Operation Sunbeam A - Limpet Attack in the Agean
Unit/ Formation: SBS
Location: Portolago Bay
Period/ Conflict: World War II
Date/s: 18th June 1944
Leros island’s Portolago Bay in the Dodecanese is a natural harbour: deep, two miles long and half a mile wide. At the head of the bay is the town of Portolago (or Lakki as it is known today), the bay – a broad gash in Leros’s south-east coast – became the Italian navy’s main base in the eastern Mediterranean, with port facilities on the southern shore, a double boom across its narrow entrance and several batteries of guns on the high cliffs above.
Just before midnight on 17 June 1944, the skipper of the Royal Navy’s ML 360, a 112-feet-long motor launch built by Fairmile for coastal operations, stopped the craft’s two powerful 650 bhp petrol engines a mile and a half from the entrance to Portolago Bay. The signal was given for the six limpeteers on board – all members of the RMBPD’s ‘Earthworm’ Detachment, based at the Raiding Forces Headquarters near Haifa in Palestine – to launch their canoes.
Commanded by Lieutenant J. F. Richards who was paired with Marine W. S. Stevens in Shark, the rest of the crews were Sergeant J. M. King with Marine R. N. Ruff in Salmon and Corporal E. W. ‘Johnny’ Horner with Marine Eric Fisher in Shrimp.
No one was keener than Marine Eric Fisher who was desperate to make up for the disappointment of missing out on Operation Frankton, though the accidental damage to his and Bill Ellery’s canoe had probably saved their lives. On returning to the UK, Fisher, Norman Colley and Bill Sparks had all joined Bill Pritchard Gordon’s No. 2 Section which, on being sent to the Mediterranean, was renamed the ‘Earthworm’ Detachment. But it was Fisher who got the nod for Sunbeam A.
They had all ‘blacked’ their faces and were wearing camouflage ‘Anorak Suits’. ‘There was,’ noted Lieutenant J. F. Richards, commanding the limpeteers, ‘very little wind and the sea was flat calm with only a slight mist.’
Using split paddles, Horner and Fisher were first in and passed the broken boom at the harbour entrance at 1:10 a.m., keeping close to the cliff. Once inside they altered course to cross the harbour and soon spotted two of their targets.
Richards’ own canoe Shark was the next to enter the harbour. Keeping close to the shadow of the cliff, he and Stevens made their way along the south shore to the naval base where they hoped to find their targets: a destroyer and three smaller escorts.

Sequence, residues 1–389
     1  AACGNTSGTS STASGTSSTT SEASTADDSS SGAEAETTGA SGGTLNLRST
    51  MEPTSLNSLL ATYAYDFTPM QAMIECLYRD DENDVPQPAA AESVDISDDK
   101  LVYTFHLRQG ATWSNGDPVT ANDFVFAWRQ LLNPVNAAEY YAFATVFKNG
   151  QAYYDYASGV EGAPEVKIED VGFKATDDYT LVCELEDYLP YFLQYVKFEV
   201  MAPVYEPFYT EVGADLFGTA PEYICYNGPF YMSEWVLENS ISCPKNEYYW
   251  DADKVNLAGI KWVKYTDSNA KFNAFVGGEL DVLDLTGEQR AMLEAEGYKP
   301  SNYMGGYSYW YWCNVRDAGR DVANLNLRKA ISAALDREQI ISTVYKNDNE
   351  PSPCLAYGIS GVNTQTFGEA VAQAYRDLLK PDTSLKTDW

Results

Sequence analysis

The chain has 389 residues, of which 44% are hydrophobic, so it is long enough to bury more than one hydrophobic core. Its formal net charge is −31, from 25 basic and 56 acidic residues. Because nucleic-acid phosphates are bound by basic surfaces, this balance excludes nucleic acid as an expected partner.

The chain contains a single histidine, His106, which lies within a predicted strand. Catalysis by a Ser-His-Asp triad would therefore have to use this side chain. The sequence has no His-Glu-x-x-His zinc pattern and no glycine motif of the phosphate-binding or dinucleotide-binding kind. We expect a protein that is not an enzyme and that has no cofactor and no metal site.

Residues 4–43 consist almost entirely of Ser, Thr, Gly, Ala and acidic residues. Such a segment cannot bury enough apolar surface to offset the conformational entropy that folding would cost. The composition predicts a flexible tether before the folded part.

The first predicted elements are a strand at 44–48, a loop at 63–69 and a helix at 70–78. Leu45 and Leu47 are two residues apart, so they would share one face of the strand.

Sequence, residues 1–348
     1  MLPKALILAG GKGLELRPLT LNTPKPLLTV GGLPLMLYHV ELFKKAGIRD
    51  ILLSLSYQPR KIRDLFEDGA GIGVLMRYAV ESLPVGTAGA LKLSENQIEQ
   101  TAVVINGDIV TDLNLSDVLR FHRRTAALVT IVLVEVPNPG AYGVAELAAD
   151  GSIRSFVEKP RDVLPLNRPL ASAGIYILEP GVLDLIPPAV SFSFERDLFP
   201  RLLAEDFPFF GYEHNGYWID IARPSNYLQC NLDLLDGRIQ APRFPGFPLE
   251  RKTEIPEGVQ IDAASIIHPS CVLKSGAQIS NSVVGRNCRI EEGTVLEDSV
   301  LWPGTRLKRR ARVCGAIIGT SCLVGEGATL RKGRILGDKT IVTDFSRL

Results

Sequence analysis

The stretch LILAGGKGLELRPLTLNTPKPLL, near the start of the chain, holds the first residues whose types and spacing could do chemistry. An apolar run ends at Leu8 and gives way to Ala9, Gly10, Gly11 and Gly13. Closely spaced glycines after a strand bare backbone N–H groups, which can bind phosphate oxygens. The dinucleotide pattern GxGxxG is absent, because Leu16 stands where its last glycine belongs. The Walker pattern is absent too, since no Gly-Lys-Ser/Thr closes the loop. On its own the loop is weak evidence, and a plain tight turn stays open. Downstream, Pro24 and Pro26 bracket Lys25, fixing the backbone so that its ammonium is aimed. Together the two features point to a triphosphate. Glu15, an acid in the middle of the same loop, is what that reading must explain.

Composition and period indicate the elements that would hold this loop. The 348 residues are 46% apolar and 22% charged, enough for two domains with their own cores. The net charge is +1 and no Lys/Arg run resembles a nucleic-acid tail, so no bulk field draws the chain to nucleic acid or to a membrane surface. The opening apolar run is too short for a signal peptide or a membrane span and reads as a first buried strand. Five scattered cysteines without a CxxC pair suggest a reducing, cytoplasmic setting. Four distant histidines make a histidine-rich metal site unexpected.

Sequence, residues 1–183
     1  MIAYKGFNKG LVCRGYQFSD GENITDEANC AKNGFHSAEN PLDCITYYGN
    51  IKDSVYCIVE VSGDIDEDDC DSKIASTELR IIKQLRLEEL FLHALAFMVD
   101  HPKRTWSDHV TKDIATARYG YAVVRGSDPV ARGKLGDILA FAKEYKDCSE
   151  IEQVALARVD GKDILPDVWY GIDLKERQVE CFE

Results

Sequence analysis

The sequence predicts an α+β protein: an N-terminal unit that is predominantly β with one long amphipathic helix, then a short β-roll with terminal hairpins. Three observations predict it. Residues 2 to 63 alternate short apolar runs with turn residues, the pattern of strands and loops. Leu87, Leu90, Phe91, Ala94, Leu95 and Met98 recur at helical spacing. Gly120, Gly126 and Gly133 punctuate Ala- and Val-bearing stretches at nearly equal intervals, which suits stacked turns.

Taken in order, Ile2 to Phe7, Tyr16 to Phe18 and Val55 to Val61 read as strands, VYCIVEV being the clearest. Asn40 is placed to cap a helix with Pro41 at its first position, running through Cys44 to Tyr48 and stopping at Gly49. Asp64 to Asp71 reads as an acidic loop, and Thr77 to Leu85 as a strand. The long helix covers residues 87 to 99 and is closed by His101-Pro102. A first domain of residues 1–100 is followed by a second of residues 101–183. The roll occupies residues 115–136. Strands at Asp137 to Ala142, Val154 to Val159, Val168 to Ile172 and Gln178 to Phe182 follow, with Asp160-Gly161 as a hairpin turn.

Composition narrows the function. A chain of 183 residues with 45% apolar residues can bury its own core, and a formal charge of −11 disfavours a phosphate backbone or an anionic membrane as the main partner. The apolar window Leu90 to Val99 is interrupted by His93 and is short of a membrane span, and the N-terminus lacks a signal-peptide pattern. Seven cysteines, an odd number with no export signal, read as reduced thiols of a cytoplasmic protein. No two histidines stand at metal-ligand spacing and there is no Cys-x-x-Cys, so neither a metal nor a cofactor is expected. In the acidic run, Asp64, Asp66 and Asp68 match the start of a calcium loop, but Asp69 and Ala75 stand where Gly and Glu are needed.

Coming alongside, Richards steadied the canoe with the magnetic holder while his No. 2, Stevens, placed limpets below the waterline in two positions: fifteen feet from the stern; and a little further forward where Richards judged the engine room to be. Stevens did this by first attaching the limpet to a cleverly designed ‘angle piece on the face of his paddle’, thus obviating the need for a separate placing rod. To minimise the noise of all the magnets clamping at the same time, it was vital to apply the limpet as gradually as possible.
They found 2 more escorts to mine then with only two limpets left, and time running out, Richards circled back the way he had come, looking for a destroyer. He found one – of the Italian Turbine class, but manned by Germans – lying against a small jetty. ‘I moved in,’ he recalled, ‘under the bows and manoeuvred to make contact with the magnetic holder. At this point we were urinated upon from above, by a sentry whom we had not seen or heard, and who then moved away.’
The last canoe Salmon had been spotted soon after entering the harbour at 1:20 a.m. Challenged by a sentry in a patrol boat, King and Ruff froze. After the third challenge, they back-paddled as far as the boom at the harbour entrance where they moved out into the centre of the channel before heading east again.
As before they were hailed from the patrol boat, causing them to pause until King felt it was safe to continue. They finally reached the naval base at 2:15 a.m. and stopped by a derelict barge to ‘bail out, since the water in the canoe was around their knees’.
The first of their two destroyer targets was directly ahead: it was, in King’s opinion, also of the Italian Turbine class. As several men were talking and smoking at his approach point, King tried from a different angle ‘but noticed a sentry standing on a jetty’ beside the destroyer. The sentry was soon joined by several more. A final approach from the ‘harbour end of the base’ was more successful, and three limpets were placed on either side of the ship’s stern. With the canoe once again ‘half full of water’, King wisely decided to leave the bay and make for Kalymnos. It was 2:40 a.m.
Incredibly, despite multiple sightings and challenges, all three canoes got away from Portolago without the alarm being raised. Why no shots were fired, or further investigation made, is a mystery. Dodging Greek fishing boats, they all reached the temporary safety of Kalymnos where they beached and camouflaged their canoes in small inlets and found somewhere to hide.
From around 4:45 a.m., and continuing for much of the day, they could hear explosions from the direction of Portolago. Richards was convinced that, as well as the noise of the limpets going off, they could hear the sound of depth charges as the Germans tried to find the submarine they believed was responsible for the attack.
By badly damaging two destroyers and sinking three smaller escort ships, Richards and his men had pulled off one of the most brilliant sabotage missions of the war. In a single night, three canoes ‘effectively neutralised’ the enemy’s naval forces in the eastern Aegean and they had not sustained a single casualty.
[Extracted and abridged with kind permission from SBS - Silent Warriors by Saul David]
Read more here:
Silent Warriors - The Special Boat Service in WW2 - The Authorised History